The Human Comedy: Selected Stories
  • PublisherNew York Review of Books
  • LanguageEnglish
  • Publication Date2014/03/06
  • Size12.7 x 20.1 x 2.8 cm
  • Page464Page
  • BindingPaperback
  • Weight(kg)0.51kg
  • ISBN9781590176641
Regular PriceHK$180

Out of stock

Any questions?

The Human Comedy: Selected Stories

Book Information
An NYRB Classics Original Characters from every corner of society and all walks of life--lords and ladies, businessmen and military men, poor clerks, unforgiving moneylenders, aspiring politicians, artists, actresses, swindlers, misers, parasites, sexual adventurers, crackpots, and more--move through the pages of "The Human Comedy," Balzac's multivolume magnum opus, an interlinked chronicle of modernity in all its splendor and squalor. "The Human Comedy" includes the great roomy novels that have exercised such a sway over Balzac's many literary inheritors, from Dostoyevsky and Henry James to Marcel Proust; it also contains an array of short fictions in which Balzac is at his most concentrated and forceful. Nine of these, all newly translated, appear in this volume, and together they provide an unequaled overview of a great writer's obsessions and art. Here are "The Duchesse de Langeais," "A Passion in the Desert," and "Sarrasine"; tales of madness, illicit passion, ill-gotten gains, and crime. What unifies them, Peter Brooks points out in his introduction, is an incomparable storyteller's fascination with the power of storytelling, while throughout we also detect what Proust so admired: the "mysterious circulation of blood and desire."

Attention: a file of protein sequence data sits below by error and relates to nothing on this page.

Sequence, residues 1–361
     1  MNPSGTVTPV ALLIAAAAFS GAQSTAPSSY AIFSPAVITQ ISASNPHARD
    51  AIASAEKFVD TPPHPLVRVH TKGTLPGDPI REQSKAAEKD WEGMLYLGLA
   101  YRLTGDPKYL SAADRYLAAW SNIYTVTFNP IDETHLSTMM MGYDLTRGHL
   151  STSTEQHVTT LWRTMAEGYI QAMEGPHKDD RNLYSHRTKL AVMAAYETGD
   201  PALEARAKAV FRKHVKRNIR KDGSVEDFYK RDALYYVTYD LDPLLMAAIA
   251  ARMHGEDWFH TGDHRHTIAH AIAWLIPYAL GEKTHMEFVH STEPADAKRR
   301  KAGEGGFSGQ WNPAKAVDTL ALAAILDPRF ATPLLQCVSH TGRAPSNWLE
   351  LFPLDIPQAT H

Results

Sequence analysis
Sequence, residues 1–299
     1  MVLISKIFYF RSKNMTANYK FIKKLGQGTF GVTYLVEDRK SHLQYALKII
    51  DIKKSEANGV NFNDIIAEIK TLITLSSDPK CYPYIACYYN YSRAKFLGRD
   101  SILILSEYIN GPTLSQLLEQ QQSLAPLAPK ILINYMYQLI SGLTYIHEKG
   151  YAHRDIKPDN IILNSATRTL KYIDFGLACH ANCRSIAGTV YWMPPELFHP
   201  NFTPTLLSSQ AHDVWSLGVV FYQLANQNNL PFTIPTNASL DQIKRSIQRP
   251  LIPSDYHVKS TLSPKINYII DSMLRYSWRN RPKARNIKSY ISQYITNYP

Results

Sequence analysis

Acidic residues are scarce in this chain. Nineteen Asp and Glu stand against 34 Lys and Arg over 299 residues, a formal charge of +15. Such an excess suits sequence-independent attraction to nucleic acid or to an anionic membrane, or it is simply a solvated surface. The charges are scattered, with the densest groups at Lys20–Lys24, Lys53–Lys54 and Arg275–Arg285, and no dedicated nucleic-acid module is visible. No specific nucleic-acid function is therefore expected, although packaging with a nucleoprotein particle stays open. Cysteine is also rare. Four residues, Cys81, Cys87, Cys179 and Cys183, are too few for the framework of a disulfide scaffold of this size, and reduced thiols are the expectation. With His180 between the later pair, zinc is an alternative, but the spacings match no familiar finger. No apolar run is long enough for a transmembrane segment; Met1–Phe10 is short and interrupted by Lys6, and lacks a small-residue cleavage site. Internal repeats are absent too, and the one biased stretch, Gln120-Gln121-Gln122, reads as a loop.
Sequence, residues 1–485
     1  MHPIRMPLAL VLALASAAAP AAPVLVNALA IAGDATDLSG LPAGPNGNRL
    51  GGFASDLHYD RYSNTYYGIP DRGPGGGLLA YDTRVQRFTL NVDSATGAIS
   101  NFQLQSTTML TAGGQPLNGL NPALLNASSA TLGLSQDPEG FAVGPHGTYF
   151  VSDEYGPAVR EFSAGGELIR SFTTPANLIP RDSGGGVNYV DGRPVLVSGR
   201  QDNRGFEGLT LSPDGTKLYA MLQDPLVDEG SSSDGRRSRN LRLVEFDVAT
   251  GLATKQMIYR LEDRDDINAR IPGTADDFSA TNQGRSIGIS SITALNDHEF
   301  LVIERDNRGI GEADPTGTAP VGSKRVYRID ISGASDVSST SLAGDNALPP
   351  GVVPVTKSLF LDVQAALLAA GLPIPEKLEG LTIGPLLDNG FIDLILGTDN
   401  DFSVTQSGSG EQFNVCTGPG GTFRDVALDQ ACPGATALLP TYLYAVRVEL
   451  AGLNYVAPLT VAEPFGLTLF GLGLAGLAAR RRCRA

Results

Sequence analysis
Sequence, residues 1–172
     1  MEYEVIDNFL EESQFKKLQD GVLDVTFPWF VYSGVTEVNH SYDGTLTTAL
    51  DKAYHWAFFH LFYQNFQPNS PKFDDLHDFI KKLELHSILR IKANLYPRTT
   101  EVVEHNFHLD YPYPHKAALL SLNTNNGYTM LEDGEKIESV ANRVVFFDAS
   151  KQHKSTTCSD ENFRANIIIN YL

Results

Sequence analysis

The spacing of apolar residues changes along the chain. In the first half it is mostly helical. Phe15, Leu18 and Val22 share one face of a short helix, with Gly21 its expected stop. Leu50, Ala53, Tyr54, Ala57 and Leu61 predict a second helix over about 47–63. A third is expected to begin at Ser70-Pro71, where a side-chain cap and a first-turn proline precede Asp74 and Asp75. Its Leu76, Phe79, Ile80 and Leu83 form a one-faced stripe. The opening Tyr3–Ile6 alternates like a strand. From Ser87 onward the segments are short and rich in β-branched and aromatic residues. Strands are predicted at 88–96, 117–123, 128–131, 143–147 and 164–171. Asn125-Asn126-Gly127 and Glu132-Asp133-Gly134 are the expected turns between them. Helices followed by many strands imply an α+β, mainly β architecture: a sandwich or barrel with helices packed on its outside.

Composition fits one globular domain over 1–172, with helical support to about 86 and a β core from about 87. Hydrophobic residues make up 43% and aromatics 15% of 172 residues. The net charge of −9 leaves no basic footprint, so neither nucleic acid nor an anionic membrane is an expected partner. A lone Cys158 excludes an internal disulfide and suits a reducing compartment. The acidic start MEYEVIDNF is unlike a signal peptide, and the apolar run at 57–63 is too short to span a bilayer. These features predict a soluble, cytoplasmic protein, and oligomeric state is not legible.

Author Description

Honoré de Balzac (20 May 1799 – 18 August 1850) was a French novelist and playwright. His magnum opus was a sequence of short stories and novels collectively entitled La Comédie humaine, which presents a panorama of French life in the years after the 1815 fall of Napoleon Bonaparte.
Owing to his keen observation of detail and unfiltered representation of society, Balzac is regarded as one of the founders of realism in European literature. He is renowned for his multifaceted characters, who are morally ambiguous. His writing influenced many subsequent novelists such as Marcel Proust, Émile Zola, Charles Dickens, Anthony Trollope, Edgar Allan Poe, Eça de Queirós, Fyodor Dostoyevsky, Oscar Wilde, Gustave Flaubert, Benito Pérez Galdós, Marie Corelli, Henry James, William Faulkner, Jack Kerouac, and Italo Calvino, and philosophers such as Friedrich Engels and Karl Marx. Many of Balzac's works have been made into or have inspired films, and they are a continuing source of inspiration for writers, filmmakers and critics.
An enthusiastic reader and independent thinker as a child, Balzac had trouble adapting to the teaching style of his grammar school. His willful nature caused trouble throughout his life and frustrated his ambitions to succeed in the world of business. When he finished school, Balzac was an apprentice in a law office, but he turned his back on the study of law after wearying of its inhumanity and banal routine. Before and during his career as a writer, he attempted to be a publisher, printer, businessman, critic, and politician; he failed in all of these efforts. La Comédie humaine reflects his real-life difficulties, and includes scenes from his own experience.
Balzac had health problems throughout his life, possibly brought on by scant attention to proper nutrition, strict nightly rest, or daily heart-healthy exercise. His relationship with his family was often strained by financial and personal difficulties, and he ended several friendships over critical reviews. In 1850 he married Ewelina Hańska, his longtime love; he died five months later.